Opinion: Boyer Commission Findings Prove We Can All Move this Nation Forward, Together
November 3, 2022
The latest Boyer Commission is the second of its name in honor of a great leader, Ernie Boyer. He was a former U.S. Secretary of Education, president of the Carnegie Foundation, and Chancellor of The State University of New York. His impact on how America educates its undergraduates was so tangible that he continues to inspire progress as we figure out how colleges and universities can meet this moment.
It’s a moment of divisiveness. Our country is split in two, with many choosing teams on issues that don’t usually require picking a side. Our wallets are struggling, against the backdrop of a pandemic, with a world in strife on the other side of the globe.
But it seems we are indeed poised to meet such a moment as our sectors and thought leaders begin to converge on a common set of goals and strategies. America doesn’t have a national system of higher education, but we’re working to create one in practice. One that can hopefully prepare the next generation to put us back on track.
As the Boyer 2030 Commission members developed their impressive recommendations for how research universities would transform, leaders of public systems of higher education were doing the same. At the National Association of System Heads, we dove head first into a process called “The Big Rethink” that would ultimately become our version of the Boyer Commission’s blueprint. The Power of Systems is our strategic plan to move the dial on student success and advance prosperity for the nation.
Why bother to lay this all out? Because research universities, public systems, local community colleges, independent institutions – we all have one goal in common: to educate more students and educate them better. A better-educated citizenry is healthier, wealthier, and more civically engaged.
The Boyer Blueprint and the Power of Systems focus on teaching and learning. They both address how to be more efficient and agile as we change. And they both put an enormous emphasis on equity. That’s not by accident.
Equity – ensuring every student from every zip code, economic background, or personal identity can pursue success without endemic barriers – is the key to a more prosperous society. So how will we get there?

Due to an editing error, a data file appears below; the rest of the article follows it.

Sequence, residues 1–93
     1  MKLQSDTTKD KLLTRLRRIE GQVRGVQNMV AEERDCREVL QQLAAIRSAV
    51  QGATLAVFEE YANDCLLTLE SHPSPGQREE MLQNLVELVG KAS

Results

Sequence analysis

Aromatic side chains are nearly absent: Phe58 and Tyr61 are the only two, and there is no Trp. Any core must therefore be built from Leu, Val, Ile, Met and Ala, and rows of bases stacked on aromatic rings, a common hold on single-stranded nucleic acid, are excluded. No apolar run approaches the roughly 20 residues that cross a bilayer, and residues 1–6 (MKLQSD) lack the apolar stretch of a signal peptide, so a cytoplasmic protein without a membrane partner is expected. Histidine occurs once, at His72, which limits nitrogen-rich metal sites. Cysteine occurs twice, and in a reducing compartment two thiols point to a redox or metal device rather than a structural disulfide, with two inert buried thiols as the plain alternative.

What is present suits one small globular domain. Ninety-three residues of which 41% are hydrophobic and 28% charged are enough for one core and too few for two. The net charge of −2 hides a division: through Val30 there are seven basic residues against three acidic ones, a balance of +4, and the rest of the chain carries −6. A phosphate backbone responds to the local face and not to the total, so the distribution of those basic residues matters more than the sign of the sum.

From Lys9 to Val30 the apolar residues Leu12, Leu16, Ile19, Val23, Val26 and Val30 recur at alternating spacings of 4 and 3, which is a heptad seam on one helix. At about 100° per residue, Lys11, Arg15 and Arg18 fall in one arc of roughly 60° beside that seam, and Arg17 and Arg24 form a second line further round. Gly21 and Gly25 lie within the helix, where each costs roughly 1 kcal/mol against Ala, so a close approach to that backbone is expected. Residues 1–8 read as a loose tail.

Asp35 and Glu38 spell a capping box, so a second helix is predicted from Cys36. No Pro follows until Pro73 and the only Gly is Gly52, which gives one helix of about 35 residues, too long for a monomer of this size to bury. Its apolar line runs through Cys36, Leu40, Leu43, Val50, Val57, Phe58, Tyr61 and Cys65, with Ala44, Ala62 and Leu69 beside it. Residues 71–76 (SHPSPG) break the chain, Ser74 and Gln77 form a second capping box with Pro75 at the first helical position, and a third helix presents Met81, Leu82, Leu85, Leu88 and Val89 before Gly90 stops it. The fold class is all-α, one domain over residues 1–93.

NASH is getting it done by including equity as one of the five imperatives in our strategic plan and also through the years-long development of a powerful tool we call the Equity Action Framework. System leaders came together and created a set of standards and approaches that can guide their peers in implementing best practices that we know actually work.
Our Equity Action Framework is built to provide relevant support to ensure that students of all backgrounds are not only welcomed but achieve high success outcomes. We do this by creating a culture of responsibility for inclusive excellence among all faculty, staff, and students; addressing root causes of inequities and racism; eliminating policies, practices, attitudes, and cultural messages that perpetuate the oppression of minoritized populations; and ensuring students experience equitable treatment as they move amongst institutions.
We say all this not to stoke competition around whose solutions work better but rather as an invitation. Of course, we don’t need to have the exact same interventions, but we can row our ships in the same direction.
Imagine the raw potential for colleges and universities to make real change for Americans of all walks of life if we were to genuinely and meaningfully work together.
Imagine a world where we can check our egos at the door, decide what works best by looking at the data, and share the tools to implement those best practices in ways that work for each of our unique systems and institutions. Then, there would be nothing in the way to stop us from ensuring that every child in these United States can grow up and achieve their dreams. And all of the government and philanthropic funds invested in this cause, year after year, could prove to be a good investment.
We can truly make a collective impact.
Nancy Zimpher is Director of the Power of Systems at the National Association of System Heads and Chancellor Emeritus at The State University of New York. Rebecca Martin is Executive Director at the National Association of System Heads.